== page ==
Evanston Township High School won’t have a “safe zone” in place in time for the start of classes later this month.

The security measure pushed by the school board and school administrators was held by Evanston aldermen Monday in the face of continued opposition from several neighborhood activists.

School Safety Director Sam Pettineo told Evanston Now this morning that he anticipates the new powers police would gain under the proposed agreement would be used very sparingly.

“If we use last year as an indication,” Pettineo said, “I bet we won’t invoke it more than five times next year.”

Pettineo says most days dismissal time at the high school goes smoothly, but occasionally security officials receive tips from students that a fight is brewing.

“We want to uses this in a very limited way to prevent conflicts from happening,” he added.

With the school safe zone in place, he says, security officers could ask a youth standing across the street from the school waiting to pick a fight with a student coming out of the building to move along. And if the person didn’t, they could be arrested by Evanston police and charged with criminal trespass.

As an example of a situation in which the safe zone provision could be helpful, Pettineo said that last year two students who had ties to rival factions of a Chicago street gang were in involved in a dispute through the school year.

At one point one of them was inviting other members of the Gangster Disciples gang to the school to intervene if he got into a dispute with the other kid, the security chief said.

The state statute authorizing the expanded school safe zone went into effect in 2012, and Pettineo says he discovered it several months ago while doing research on things the school could do that could have an impact on the crime problem.

After discussing the idea with Evanston Police Chief Richard Eddington, Pettineo says, the language for the joint agreement between the school district and the city was developed by the legal staff of both entities.

Eddington says the the school is trying to descalate conflict before it breaks out into violence.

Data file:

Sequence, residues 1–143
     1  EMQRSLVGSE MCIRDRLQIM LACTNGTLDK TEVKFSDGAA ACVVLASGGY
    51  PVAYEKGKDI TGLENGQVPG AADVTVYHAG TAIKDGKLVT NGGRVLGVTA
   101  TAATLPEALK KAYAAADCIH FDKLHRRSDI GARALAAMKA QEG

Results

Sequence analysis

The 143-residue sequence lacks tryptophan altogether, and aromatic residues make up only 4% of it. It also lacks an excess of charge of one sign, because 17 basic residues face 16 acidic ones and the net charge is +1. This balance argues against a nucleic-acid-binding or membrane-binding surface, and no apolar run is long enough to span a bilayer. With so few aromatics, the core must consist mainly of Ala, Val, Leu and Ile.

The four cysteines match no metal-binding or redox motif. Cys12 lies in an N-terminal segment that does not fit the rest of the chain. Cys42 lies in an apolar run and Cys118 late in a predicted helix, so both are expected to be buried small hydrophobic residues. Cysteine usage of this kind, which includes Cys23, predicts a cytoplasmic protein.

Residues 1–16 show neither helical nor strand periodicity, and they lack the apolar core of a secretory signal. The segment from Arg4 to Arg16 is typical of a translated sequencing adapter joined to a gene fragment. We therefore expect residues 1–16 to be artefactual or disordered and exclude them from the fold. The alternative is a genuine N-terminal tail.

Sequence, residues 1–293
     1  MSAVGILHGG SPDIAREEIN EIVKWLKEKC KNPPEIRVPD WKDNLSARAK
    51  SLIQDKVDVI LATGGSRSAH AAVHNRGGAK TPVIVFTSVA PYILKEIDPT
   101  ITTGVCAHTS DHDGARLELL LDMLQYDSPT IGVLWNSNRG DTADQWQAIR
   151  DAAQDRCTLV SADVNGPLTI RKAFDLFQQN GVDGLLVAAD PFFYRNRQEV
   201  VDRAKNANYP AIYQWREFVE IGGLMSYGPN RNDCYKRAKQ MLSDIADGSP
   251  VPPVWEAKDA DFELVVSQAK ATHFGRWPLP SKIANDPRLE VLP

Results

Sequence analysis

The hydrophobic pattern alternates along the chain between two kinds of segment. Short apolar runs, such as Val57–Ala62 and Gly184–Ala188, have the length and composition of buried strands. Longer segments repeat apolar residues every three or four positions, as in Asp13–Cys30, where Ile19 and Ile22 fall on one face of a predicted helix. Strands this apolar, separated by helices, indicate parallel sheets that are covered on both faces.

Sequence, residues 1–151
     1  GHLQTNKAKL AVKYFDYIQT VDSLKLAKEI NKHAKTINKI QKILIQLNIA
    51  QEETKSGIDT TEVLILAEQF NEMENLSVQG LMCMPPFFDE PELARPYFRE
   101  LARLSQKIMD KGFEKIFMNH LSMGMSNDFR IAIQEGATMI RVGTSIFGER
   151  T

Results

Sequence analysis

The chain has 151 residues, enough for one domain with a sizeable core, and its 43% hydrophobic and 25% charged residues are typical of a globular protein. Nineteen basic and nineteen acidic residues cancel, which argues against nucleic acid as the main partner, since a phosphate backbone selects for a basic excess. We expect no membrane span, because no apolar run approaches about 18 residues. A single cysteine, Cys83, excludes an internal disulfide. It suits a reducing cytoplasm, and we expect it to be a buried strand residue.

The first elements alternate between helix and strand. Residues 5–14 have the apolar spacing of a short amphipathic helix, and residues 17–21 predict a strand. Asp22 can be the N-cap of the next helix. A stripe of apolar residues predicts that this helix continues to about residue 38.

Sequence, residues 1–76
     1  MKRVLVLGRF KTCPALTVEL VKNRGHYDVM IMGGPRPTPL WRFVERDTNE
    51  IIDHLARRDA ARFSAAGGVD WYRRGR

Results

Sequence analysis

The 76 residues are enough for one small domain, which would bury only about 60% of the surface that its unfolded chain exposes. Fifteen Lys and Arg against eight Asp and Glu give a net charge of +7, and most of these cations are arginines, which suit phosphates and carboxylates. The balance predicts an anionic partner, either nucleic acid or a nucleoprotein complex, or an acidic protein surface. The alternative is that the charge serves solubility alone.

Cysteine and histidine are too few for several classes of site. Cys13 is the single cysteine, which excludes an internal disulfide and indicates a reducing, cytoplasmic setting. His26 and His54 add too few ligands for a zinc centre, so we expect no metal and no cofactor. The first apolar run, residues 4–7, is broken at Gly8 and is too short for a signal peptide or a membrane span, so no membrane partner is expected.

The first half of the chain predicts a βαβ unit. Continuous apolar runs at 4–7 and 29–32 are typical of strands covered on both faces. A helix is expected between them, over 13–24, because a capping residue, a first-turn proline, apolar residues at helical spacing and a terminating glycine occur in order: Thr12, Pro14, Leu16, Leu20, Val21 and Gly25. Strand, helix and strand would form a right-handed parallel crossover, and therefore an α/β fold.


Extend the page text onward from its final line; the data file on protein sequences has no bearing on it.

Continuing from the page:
While one part of the statute applies to students who’ve been suspended or expelled, Eddington said students wouldn’t be automatically barred from the school zone for that.

Pettineo said no students were actually expelled last year, although as many as 30 were sent to alternative school placements off campus for disciplinary reasons.

“We don’t ban them,” Pettineo said, “but we just tell them they have to notify us before they come back on the property.”

In addition, less than a dozen adults were sent trespass letters last year, he added. Those could involve parents who created a disturbance in the school or former students who came back on campus to cause trouble.

“We’ve had situtations in the past,” Pettineo said, “where the older brothers or sisters of students involved in a conflict come back to campus to participate in a conflict they’re having with other students.”

But the complaining neighbors — decades beyond school age themselves — voiced fears Monday night that they wouldn’t be able to leave their homes or walk down the street without being harassed by police.

The ETHS board agreed to terms of the proposed agreement with the city at a board meeting June 24.

But apparently no formal outreach was done to residents of the area immediately around the school.

Opposition to the proposal first emerged when it came before the City Council’s Human Services Committee last week.

The lack of outreach by school officials was criticized Monday by Alderman Delores Holmes, 5th Ward, who said she’d visited every business in the area on Saturday and none had heard about the proposal.

But School Board President Gretchen Livingston in a post on her Facebook page Tuesday, blamed city officials for the delay, saying none of the city officials on the City-School Liaison Committee raised concerns about the proposal at a meeting of the committee in May and that the city then cancelled its July Human Services Committee meeting where the proposal was to have been discussed.

Aldermen said they planned to schedule a public meeting on the proposal hosted by the City-School Liaison Committee for sometime before the next City Council meeting on Sept. 9.

Related documents

Pettineo memo to school board

Proposed safe school zone boundary map

State “Safe School Zone” statute

Proposed “Safe School Zone” intergovernmental agreement (at page 880)

Bill Smith is the editor and publisher of Evanston Now.

Join the Conversation


  1. Thanks 5th ward residents for protecting the Gangster Disciples

    I am sure that the Gangster Disciples appreciate the support they are receiving from Betty Ester, George Mitchell and the other pro-gang citizens who have been vocally opposing safety at the High School.

    I am sure they won't feel they have blood on their hands the next time there is violence at the school.

    1. It’s wrong to call critics pro-gang

      I went back to the start of this fiasco and looked at the statemants made by Ms Ester and Mr Mitchell. Strangely I  could not find any support for gangs in their statements. Clearly you are drawing a stereotypical conclusion to bolster your point.

      To say that these long time residents and pillars of the community are pro gang and anti safety is just wrong. Perhaps you need to reach out to these people in a less hostile manner and try to find out just why they initially opposed the plan. 

      You might find out that with more information out there that thier minds have changed. Or you can just keep posting indignant diatribes under the cover of secrecy. 

  2. Disappointed to have more reasons not to send student to ETHS